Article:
If I owned any of the facilities listed on that site, I would demand that they stop co-opting my prospective clients’ telephone traffic this way.


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To Find a Therapist, Use Your “Gut”

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©2014-2015 Rick Macnamara LCSW

As a therapist in private practice, it is unethical for me to treat friends and family, and so people who know me often ask how someone can find a good provider of counseling or addiction services. It’s an important question and I advise them that there are guides available on line with lists of good questions to ask the prospective provider, but most of these guides don’t point out that the most important consideration is how you react when speaking with them the first time.

In popular usage, how you react to another person is called the “gut feeling”; some people call it the “bullshit detector” or “doesn’t pass the smell test” and if cultivated through self-monitoring, this extra sense tends to sharpen over time. In the helping professions, we refer to this as developing self-regulation or “counter-transference”, referring to the feelings the therapist has toward the client in reaction to the client’s feelings about the therapist. Sometimes it is all the therapist has to work with.

When I first began working therapeutically with clients during my graduate internship, my clientele was very challenging; I was assigned to work with mentally ill chemically addicted homeless men and women in an urban homeless shelter system. In addition, many had prison or at least county jail records and had a mistrust of anyone in authority, even a counselor. I recall complaining to my mentor, a former NYPD Detective, “How am I supposed to accomplish anything with these people? They lie all the time.”

His response stayed with me over the years and I paraphrase it here for purposes of brevity. “You’re going to have to work with their lies and your gut. That’s all each of you has right now.”

My mentor and I had many conversations during that internship year about how to use my own reactions to a client to help them to get some positive change in their lives. I discovered, for instance, that whenever a client’s words made me feel really good about the work I was doing with them, I should watch for the other side of the coin when they suddenly hated me. This reaction of my “gut” might be a good indication for me that my client was suffering from what has been called Borderline Personality Disorder and I might then refer them to a program using DBT (Dialectical Behavioral Therapy). In other words, my “gut” was telling me that I really could not work with that client because their best hope was a specialized type of therapy in which I had no training.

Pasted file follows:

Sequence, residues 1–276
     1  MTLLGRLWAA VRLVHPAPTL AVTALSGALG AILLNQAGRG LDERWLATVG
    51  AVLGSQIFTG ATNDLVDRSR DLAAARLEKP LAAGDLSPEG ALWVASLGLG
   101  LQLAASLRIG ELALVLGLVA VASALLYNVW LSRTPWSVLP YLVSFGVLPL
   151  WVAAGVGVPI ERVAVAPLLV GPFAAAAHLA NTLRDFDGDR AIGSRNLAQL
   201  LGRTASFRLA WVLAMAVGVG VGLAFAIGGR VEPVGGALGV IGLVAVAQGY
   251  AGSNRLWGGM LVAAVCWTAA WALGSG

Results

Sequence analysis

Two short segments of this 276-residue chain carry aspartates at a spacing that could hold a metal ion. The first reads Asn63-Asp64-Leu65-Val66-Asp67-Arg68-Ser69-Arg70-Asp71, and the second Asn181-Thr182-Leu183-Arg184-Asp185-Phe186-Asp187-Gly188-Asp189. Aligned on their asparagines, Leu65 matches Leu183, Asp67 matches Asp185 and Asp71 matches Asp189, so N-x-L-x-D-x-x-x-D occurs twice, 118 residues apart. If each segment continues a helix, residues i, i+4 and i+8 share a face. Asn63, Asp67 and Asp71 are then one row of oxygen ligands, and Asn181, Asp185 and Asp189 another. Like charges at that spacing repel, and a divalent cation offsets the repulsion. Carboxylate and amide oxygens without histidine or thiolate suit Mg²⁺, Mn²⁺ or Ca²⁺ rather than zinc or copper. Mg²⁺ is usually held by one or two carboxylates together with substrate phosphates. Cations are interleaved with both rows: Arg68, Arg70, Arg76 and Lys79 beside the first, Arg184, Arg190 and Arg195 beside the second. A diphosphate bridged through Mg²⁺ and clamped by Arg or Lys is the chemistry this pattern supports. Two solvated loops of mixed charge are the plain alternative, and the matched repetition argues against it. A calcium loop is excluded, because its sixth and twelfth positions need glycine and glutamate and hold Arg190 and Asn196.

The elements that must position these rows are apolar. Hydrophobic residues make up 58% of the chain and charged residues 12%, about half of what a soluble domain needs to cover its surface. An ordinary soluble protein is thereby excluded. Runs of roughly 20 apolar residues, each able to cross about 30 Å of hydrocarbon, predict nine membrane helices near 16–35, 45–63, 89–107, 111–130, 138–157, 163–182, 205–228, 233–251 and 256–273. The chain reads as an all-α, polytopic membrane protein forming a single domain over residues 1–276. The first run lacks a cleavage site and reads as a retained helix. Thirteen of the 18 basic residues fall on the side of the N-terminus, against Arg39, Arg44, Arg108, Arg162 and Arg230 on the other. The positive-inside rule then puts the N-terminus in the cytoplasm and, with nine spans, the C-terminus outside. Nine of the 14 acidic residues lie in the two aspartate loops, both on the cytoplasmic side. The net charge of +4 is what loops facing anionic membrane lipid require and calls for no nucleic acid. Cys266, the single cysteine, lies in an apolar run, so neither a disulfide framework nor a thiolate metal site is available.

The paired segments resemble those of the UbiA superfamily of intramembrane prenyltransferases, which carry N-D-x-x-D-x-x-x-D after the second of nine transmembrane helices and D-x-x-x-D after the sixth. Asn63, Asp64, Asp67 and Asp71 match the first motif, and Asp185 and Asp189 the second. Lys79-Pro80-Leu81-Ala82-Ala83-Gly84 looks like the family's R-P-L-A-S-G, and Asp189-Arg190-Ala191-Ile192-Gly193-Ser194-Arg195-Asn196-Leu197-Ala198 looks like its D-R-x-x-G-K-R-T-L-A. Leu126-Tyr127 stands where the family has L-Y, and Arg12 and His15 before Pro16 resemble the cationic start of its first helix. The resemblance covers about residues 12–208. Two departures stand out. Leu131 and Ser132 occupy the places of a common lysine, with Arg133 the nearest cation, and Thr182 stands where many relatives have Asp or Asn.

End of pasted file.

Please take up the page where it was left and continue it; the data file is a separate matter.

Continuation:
Most of us in the helping professions develop these self-regulation skills to a heightened degree; those who don’t can run into serious trouble like “falling in love with” their client, misdiagnosing, subconsciously keeping clients dependent on them, and other pitfalls of our professions. And those who encounter the helping professions as clients can, over time, develop a similar “gut” sense if they did not have one before from their life experiences.

So when someone asks me how they can find a good provider, I tell them that through their life experiences they already have abilities to make good decisions and to detect BS. I give them this simple guide:

  • Have a phone conversation with the prospective provider about the issue that brings you to therapy and see how they react. And, even more importantly,
  • See how you react to their reaction or lack of reaction. Don’t accept a prospective therapist telling you to save your explanation for the first session. I routinely give a free fifteen minute session to all my new clients to give us both the opportunity to see if we have a good fit; don’t let a provider rob the both of you of that opportunity.
  • If something in your “gut” is telling you this may not be the right person for you, tell them that and see how they react. If they seem interested in discussing your “gut” feeling with you to help you clarify what it is you are feeling, they may be exactly the person you need. But if they react by saying, “Well, maybe I’m not the therapist for you” without any further discussion, they may not be the person.

Most guides to finding a therapist will tell you to ask about their years of experience, their license, their treatment philosophy, etc. and these are all good things to know. But paying attention to your reactions to each other in the beginning of therapy makes an important human connection that is much more important to resolving your issue than the provider’s curriculum vitae.

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Is TeleCounseling the Next Big Leap Forward for the Helping Professions?

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(c)2014-2015 Rick Macnamara LCSW